Monday, March 26, 2007

Racist Graffiti on My Storefront

In the fall of 2000, a few months after we opened the storefront, racial graffiti was found on 15 different stores on Fulton Street in Fort Greene, including Indigo. We were not the worst damaged — a store down the street had significant damage — but I must admit that it hurt me deeply.

See the other photos

All day long I found myself thinking about the black merchants of old who were hanged (lynched) for having successful businesses that competed with white-owned stores. This was not the case for our area though. This had more to do with gentrification.

Racism is about money. Who has it. Who wants it. What they are willing to do to get it and keep it.

What surprised me was the reaction of the other merchants to this incident. They wanted to hush it up. Hurry up and clean everything. They didn't want to draw bad attention to our area. This is why there wasn't really any news coverage of this incident. I thought they were crazy!

I wanted to call every news outlet in town. If this had happened in a Jewish neighborhood, that's what they would have done. It felt like people were ashamed. They took this nasty treatment with the attitude "this is just what happens sometimes." This may be true but we don't have to take it.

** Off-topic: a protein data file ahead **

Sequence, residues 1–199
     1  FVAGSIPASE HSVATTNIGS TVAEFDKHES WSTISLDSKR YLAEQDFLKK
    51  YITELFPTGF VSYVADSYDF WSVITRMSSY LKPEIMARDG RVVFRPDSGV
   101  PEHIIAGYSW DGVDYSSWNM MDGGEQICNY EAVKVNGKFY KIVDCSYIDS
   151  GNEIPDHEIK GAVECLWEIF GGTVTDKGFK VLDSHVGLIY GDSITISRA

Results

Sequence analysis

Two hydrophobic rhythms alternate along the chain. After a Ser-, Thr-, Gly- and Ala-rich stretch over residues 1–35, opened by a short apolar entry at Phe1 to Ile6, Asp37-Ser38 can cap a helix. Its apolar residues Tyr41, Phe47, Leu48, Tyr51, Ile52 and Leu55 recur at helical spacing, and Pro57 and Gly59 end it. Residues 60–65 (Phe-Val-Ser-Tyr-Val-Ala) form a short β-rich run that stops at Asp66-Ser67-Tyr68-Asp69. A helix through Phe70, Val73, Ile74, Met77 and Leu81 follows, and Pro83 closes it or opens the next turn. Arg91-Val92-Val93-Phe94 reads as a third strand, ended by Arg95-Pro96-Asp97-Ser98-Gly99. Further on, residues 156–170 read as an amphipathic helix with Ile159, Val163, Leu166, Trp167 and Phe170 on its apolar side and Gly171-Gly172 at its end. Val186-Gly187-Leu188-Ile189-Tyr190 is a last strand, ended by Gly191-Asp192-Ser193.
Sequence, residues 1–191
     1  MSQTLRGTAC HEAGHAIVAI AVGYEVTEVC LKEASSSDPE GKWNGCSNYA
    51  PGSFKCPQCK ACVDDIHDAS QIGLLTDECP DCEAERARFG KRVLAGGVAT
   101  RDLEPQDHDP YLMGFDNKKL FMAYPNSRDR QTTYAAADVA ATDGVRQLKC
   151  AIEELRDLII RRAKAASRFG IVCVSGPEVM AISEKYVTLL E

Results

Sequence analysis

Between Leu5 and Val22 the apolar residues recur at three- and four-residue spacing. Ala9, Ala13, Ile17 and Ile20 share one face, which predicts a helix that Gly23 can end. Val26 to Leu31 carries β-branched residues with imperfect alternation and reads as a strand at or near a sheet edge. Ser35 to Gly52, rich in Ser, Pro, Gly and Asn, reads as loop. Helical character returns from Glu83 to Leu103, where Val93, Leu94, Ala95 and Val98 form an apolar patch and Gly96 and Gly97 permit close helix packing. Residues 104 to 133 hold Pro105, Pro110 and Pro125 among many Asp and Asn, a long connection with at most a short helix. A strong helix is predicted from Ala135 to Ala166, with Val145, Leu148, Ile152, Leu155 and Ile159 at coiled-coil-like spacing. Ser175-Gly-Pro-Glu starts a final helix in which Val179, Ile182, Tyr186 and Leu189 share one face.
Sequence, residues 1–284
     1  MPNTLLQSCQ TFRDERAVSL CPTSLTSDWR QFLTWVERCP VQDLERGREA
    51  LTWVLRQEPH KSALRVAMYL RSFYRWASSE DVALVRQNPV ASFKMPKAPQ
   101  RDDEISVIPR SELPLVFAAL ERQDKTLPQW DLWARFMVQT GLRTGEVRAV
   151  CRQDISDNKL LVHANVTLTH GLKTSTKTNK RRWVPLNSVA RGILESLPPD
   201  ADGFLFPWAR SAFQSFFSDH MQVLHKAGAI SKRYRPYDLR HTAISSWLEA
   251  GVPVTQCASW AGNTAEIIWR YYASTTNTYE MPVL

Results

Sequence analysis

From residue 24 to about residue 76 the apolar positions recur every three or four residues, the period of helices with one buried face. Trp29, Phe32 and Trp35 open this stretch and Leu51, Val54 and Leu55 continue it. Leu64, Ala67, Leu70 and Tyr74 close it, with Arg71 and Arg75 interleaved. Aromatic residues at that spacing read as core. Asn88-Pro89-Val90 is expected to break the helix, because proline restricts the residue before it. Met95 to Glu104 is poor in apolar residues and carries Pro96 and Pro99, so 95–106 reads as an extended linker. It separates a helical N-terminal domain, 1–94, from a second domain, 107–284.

I have no doubt that this act of vandalism was done by kids — maybe teenagers, possibly college students. I will never know for sure, since the police did very little (translation: nothing). I think the kids were acting out what they saw adults doing. On one window they wrote, "Niggers we are taking our neighborhood back." The large institutions in the Fort Greene area were (and still are) busily dividing up and planning the area for their exclusive use. It seemed that once the neighborhood got nice enough for "regular" white folks to live in, it was time for the blacks to go. Look at Fort Greene now and tell me I'm wrong.

All of us merchants on the street were feeling pressure because of the changing demographics and the New York economy. Our local city councilman was trying to do something to help us. Sadly, he was gunned down in City Hall in broad daylight. I couldn't make this stuff up if I tried.

We found that we had to close down our store in the end (about three years later), but I'm finding the Internet to be a much happier place to be. I can say what I want, put together a selection of books that I like, and not be hindered by local tastes. And best of all, I can stay out of the nasty local politics.


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